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Proteins are composed of both essential and non-essential amino acids (AA), with differing amino acid chains determining their functioning within the body. Unlike non-essential AA that can be made by the body itself, Essential AA need to be consumed via the diet to meet recommended intakes. Proteins are continuously being broken down in the body, so we need large amounts each day to help repair, renew, and restore muscle tissue, enhance bone health, immunity and regulate hormones.
Protein is an essential component of our muscle tissue. Within our body, there is a continuous breakdown and resynthesis of body proteins, whether this is to modify wrongly formed proteins, provide energy when not enough food is ingested, or allow adaptive changes. Consuming adequate protein in our diet therefore helps to supply essential amino acids to the body to ensure protein is synthesised within the body. It’s important to note that this must coincide with sufficient overall energy intake, the priority for anyone wishing to achieve their health and fitness goals.
Bone tissue is made up of around 50% protein, which makes it essential that individuals consume sufficient protein to support the rate of bone turnover. In addition, protein has also been shown to increase IGF-1 production, a hormone that is involved in the formation of bone. It’s super important to maintain a decent level of protein intake throughout the life span so that there is an optimal growth and development phase within youth individuals and maintenance of bone density during the natural ageing processes. By doing so, we can help to protect ourselves from any detrimental consequences.
The digestion of all foods can be attributed to the thermic effect of food, which contributes to around 10% of daily energy expenditure. Protein is the macronutrient that takes the longest to digest, meaning that following a high-protein meal, women may feel fuller for longer before their next meal. This may be super important for individuals who are looking to lose weight and need to reduce their average energy intake.
The immune system’s ability to enhance resistance to diseases and viruses is dependant on adequate energy from fuel sources. Protein has been well documented to help produce proteins such as cytokines and immunoglobulins, critical components for enhancing our immunity!
Most of the energy is derived from both carbohydrates and fat. There are conditions during which energy contribution from protein may be higher (e.g., when glucose levels are diminished), meaning that the contribution from protein varies between 3-10%.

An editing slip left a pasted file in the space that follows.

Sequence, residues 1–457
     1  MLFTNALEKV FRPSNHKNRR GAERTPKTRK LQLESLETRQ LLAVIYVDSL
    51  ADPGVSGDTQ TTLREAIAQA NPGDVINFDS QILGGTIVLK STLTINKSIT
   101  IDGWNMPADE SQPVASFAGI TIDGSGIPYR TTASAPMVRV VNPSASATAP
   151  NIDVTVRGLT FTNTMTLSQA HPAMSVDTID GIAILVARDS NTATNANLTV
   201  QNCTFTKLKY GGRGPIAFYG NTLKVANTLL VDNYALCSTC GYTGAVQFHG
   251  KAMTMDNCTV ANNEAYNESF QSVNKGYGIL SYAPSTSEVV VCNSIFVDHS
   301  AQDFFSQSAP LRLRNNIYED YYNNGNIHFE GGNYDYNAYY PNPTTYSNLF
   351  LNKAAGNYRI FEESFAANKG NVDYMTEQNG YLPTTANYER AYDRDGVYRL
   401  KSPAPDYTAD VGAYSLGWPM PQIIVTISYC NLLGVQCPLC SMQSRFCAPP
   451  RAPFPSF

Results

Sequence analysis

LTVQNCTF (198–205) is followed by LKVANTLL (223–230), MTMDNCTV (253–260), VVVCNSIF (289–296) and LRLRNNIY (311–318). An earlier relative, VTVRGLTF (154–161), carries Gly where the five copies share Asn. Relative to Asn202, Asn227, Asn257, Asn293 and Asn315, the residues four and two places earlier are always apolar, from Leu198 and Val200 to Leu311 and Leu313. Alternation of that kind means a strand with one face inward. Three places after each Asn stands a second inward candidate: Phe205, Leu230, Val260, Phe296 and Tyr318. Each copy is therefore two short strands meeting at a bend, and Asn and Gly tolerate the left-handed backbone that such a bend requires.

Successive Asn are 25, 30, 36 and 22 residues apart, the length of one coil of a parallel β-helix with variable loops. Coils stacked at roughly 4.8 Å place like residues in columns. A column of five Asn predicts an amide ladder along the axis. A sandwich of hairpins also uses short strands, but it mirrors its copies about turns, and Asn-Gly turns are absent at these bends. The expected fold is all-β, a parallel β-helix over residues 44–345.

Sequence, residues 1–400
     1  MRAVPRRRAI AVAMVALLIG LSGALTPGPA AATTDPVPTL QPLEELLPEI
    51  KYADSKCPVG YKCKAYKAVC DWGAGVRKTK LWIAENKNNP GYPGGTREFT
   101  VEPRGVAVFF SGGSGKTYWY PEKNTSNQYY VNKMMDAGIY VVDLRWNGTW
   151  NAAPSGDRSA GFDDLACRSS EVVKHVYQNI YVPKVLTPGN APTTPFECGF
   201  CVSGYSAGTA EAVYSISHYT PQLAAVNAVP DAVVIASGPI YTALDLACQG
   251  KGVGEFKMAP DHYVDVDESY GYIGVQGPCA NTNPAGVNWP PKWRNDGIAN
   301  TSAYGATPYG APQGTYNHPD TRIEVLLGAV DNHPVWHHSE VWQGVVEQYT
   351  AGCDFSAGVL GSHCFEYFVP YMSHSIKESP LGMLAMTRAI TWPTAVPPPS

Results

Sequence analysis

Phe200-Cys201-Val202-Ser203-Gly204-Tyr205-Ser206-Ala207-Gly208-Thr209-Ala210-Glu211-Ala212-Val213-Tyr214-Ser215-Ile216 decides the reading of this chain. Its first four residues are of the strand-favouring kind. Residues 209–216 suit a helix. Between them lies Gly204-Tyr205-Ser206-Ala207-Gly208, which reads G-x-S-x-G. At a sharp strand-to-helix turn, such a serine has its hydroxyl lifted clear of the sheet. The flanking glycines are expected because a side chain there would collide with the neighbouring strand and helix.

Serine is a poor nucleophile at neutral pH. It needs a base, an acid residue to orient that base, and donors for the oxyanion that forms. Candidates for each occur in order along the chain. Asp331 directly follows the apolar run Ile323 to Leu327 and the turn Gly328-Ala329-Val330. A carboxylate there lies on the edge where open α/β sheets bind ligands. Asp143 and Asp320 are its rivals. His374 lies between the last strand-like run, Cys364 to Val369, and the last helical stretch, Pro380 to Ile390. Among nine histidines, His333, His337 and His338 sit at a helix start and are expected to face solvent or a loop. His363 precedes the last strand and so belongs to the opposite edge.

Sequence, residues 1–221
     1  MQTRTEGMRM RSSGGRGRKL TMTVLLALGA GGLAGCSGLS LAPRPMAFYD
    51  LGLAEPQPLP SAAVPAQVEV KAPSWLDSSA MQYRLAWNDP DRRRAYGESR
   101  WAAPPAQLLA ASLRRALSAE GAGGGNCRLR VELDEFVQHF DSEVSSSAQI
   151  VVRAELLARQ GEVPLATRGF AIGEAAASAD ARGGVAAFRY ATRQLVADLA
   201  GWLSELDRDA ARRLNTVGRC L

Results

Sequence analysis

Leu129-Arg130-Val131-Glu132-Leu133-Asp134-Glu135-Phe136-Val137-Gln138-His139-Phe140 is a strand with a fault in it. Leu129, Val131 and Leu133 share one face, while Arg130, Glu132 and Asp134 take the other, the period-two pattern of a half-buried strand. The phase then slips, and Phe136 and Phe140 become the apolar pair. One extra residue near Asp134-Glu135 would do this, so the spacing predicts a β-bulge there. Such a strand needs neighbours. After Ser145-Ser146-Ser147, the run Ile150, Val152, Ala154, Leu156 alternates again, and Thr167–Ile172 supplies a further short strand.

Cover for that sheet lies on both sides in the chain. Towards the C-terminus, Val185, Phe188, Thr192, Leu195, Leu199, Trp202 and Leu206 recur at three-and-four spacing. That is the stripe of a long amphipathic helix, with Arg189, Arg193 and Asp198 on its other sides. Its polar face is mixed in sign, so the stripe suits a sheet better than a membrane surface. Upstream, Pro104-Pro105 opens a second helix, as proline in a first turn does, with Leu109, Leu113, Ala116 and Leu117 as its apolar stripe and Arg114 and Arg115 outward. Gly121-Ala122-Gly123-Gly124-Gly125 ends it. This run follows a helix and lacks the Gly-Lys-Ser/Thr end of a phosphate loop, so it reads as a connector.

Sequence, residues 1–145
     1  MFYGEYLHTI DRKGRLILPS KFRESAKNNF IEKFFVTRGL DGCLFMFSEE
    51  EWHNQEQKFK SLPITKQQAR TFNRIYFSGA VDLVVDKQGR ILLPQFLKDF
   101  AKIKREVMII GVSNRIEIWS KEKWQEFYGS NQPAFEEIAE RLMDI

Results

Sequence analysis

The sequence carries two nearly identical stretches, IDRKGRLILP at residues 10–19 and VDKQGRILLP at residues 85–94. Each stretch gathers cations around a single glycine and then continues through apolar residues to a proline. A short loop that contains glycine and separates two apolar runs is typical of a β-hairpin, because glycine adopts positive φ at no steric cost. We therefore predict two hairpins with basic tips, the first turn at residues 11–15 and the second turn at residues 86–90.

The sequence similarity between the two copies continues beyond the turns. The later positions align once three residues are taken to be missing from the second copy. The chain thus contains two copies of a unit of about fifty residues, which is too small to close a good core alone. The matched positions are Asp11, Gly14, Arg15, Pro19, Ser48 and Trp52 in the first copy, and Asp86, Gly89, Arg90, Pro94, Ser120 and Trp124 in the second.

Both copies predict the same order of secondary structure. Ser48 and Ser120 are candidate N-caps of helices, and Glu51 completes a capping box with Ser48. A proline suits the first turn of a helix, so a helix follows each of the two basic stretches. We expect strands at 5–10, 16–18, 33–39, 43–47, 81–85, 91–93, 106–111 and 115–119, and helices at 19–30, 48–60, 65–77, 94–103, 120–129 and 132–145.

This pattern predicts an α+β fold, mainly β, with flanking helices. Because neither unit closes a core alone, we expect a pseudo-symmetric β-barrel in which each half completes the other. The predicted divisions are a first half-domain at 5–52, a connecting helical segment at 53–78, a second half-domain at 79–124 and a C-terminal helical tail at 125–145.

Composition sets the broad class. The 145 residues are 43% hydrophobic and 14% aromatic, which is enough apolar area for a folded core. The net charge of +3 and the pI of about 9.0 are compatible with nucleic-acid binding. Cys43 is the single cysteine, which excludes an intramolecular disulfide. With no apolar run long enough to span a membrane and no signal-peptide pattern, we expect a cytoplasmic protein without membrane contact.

Due to the importance of protein, general recommendations suggest that 1.2-2.0g/kg of protein is suitable for individuals. Higher intakes (between 1.5-2g/kg) may be warranted for those wanting to reduce energy intake for fat loss or to optimise muscle protein synthesis following training.
To calculate the right protein amounts, simply x your body weight (kg) by the above recommendations:
If you are a 60kg strength-training female wanting to build muscle, aiming for 2g/kg (120g/d) could be ideal
Many people struggle to hit their protein targets. However, through emphasising an educational approach on the importance of protein, as well as providing some tips as to how we can consciously increase our intake, meeting daily recommendations for your health and fitness goals should not be a problem.
Include a high-quality source and additional sources in every meal:
When talking about high-quality protein sources, we usually mean those sources that have a high digestibility rate and net protein utilisation, and whether it supplies all essential amino acids, that cannot be produced by the body itself. Sources with high digestibility scores are both whey and soy products. The potency of alternative plant sources is yet to be fully investigated.
Swap out usual snacks for protein-based snacks:
This is not to say you should swap out all your favourite snacks however, it may be a good idea to have high-protein snacks in your cupboard to help increase intake. Some snacks include yogurt, fruit and nut butter; boiled egg on toast; almond butter and banana; baby bells; ½ can roasted chickpeas; edamame beans; protein bars; frozen yogurt; nuts and seeds; chocolate milk; cottage cheese and Ryvita.
Spread intake throughout the day:
As a guide, aim for 20-30g of protein every 3-4 hours during the day to help meet daily recommendations – this may mean increasing portion sizes of protein!
Many people tend to miss out on protein at breakfast, so start early to get intake high from the off
Eat your protein first:
As protein is the most satiating macronutrient, eating it before the rest of your plate may help to boost numbers up!
Although you should always prioritise a whole-food approach, supplementation may be required when recommendations cannot be met through your diet alone, or if your diet cannot be altered to increase protein intake (e.g., time constraints, availability). There are lots of different protein powders/bars on the market, and the most important factor is personal choice. Explore your favourite flavour/brand and see what sticks!
We have worked with hundreds of clients who are wanting to get their intake nailed consistently, and most importantly - sustainably.
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